In your thesis defense, the questions will consist of the following types:
This topic occurred to me as I sat in on a couple of examinations vivascompletion seminars and a confirmation or two in recent weeks. I have sat through literally hundreds of assessment presentations if you count my years in purgatory architecture school.
I see it most often in completion seminars where the student has a full draft and can no longer see the forest for the trees. The presentation can seem full of tangents, where the student veers off course to explain, often in painful detail, definitions, counter arguments, collection problems and the like.
By the time they actually do, you have lost interest and started thinking earnestly about lunch.
A presentation like this is unlikely to make you look like a lightweight, but it can make you look more confused than you are. It must have seemed like a good strategy because her examiners were not from the design research field, unfortunately these people had already read her text, which went through much of the same explanation, and the rest of the audience were designers — who already knew the arguments.
Instead of reassuring the examiners that her research approach was legitimate, the second lengthy exposition gave the perverse impression that the student was defensive and unsure of herself.
It makes you look smarter if you can answer theoretical questions on your feet anyway. Sometimes students race through an explanation of data without enough lead in for me to understand what the problem was in the first place.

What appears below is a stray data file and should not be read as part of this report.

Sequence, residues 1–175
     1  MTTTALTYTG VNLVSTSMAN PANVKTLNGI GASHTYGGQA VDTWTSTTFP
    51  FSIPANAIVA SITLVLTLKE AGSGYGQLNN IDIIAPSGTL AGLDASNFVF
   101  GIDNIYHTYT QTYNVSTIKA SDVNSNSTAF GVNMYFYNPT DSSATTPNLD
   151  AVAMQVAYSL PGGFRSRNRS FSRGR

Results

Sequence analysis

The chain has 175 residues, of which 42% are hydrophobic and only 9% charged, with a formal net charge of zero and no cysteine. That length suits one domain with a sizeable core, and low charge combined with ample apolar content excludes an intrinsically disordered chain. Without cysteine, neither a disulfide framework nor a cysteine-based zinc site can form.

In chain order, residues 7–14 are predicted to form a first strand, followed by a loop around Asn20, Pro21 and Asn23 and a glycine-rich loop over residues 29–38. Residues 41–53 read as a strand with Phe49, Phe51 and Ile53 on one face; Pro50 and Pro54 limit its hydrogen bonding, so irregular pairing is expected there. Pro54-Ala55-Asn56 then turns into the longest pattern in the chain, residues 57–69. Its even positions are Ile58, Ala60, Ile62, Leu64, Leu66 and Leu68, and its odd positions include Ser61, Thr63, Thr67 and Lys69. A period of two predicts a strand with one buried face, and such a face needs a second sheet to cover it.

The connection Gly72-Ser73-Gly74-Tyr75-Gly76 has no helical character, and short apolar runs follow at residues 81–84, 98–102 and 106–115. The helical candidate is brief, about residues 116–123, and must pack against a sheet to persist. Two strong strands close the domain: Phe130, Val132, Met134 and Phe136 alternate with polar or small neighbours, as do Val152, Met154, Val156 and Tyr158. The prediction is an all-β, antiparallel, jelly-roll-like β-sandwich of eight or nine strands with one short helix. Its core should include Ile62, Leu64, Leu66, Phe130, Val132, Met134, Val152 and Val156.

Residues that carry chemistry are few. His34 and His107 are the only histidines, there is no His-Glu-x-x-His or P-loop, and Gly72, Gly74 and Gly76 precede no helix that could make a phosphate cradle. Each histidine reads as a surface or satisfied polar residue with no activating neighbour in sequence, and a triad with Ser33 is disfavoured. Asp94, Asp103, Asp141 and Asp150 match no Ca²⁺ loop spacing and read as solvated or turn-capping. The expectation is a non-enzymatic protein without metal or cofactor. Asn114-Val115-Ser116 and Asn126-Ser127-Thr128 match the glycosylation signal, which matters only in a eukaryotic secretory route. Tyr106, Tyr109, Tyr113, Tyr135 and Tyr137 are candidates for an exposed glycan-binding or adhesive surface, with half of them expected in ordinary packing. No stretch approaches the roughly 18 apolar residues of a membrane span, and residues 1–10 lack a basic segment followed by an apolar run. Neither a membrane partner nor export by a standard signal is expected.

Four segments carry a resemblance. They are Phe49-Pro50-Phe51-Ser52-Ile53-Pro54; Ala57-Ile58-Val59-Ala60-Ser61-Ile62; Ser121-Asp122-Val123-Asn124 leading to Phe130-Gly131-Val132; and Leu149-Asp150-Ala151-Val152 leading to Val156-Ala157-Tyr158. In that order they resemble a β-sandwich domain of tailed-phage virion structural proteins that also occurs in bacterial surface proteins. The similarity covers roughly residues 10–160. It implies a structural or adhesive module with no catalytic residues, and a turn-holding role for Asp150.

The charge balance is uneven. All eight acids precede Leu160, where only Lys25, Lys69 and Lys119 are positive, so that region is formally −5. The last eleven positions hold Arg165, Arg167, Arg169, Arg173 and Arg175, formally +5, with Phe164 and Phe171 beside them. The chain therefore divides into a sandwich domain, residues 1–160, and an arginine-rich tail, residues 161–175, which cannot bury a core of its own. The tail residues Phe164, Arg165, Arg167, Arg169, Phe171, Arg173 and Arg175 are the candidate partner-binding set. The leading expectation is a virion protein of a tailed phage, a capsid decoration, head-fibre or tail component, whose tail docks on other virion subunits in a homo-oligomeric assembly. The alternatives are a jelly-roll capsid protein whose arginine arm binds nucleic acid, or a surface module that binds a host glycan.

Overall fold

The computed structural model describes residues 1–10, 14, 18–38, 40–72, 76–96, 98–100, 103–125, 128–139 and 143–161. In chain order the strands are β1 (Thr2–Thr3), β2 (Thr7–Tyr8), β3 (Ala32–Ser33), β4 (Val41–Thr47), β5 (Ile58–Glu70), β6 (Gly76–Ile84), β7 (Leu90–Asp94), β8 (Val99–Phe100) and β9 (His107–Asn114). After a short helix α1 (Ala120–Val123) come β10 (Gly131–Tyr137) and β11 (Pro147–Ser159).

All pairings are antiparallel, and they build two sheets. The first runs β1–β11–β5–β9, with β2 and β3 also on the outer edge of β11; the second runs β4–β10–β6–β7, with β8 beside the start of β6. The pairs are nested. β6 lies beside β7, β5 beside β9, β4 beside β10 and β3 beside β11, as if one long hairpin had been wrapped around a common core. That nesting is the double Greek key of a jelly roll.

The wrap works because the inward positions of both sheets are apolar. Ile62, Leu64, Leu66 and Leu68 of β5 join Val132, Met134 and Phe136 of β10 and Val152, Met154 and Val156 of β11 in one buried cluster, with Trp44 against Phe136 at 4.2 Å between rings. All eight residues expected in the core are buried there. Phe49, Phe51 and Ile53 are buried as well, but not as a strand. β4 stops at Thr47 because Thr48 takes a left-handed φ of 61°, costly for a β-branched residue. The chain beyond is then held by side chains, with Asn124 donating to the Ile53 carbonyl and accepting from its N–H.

Without an explanation — however cursory — of the bigger world in which the research is situated I cannot understand fully why the research matters. Reading straight from your paper or thesis is almost always a mistake. Someone estimated that a good one hour presentation takes about 30 hours to prepare — they are probably right.
Unfortunately a lot of academics are old hands at asking tricky questions of research students — and they know all the brutal ones. I think the key is to stay calm and take your time to answer. It can help to write the question on a piece of paper.
So — what presentation mistakes would make it to your list?study design, sample, setting, instruments or methods, and data collection procedures, data analysis plans, plans for presentation of findings in dissertation, and human subjects protection.
The IRB Application information Microsoft Word - The Dissertation Proposal and initiativeblog.com 5 classic research presentation mistakes November 25, · by Thesis Whisperer Presentations for a faculty or disciplinary audience are subtly different to those you give at a conference, but not talked about as frequently.
A Guide for Graduate Students Preparing for a Master’s Thesis Defense In Arts, Sciences and Engineering Table of Contents: I. Before Defense a. Prepare for the Defense b. Selecting a Defense Date c. International Students and Work Visas d.
Registration Categories for Defense e. Thesis Writing and Guidelines f. Rooms for Your Defense g. The PowerPoint PPT presentation: "Masters Thesis Defense" is the property of its rightful owner.
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GUIDELINES FOR MASTER'S THESES AND DOCTORAL DISSERTATIONS A Manual Created by. OFFICE OF DEGREE REQUIREMENTS. Graduate School always submit a sample to the Office of Degree Requirements before submitting your entire manuscript if you have a .
Possible Thesis Defense Questions Preparing for a defense can be challenging and also a bit stressful at times. You keep thinking what the examiners might ask and whether you'd be able to answer the questions convincingly.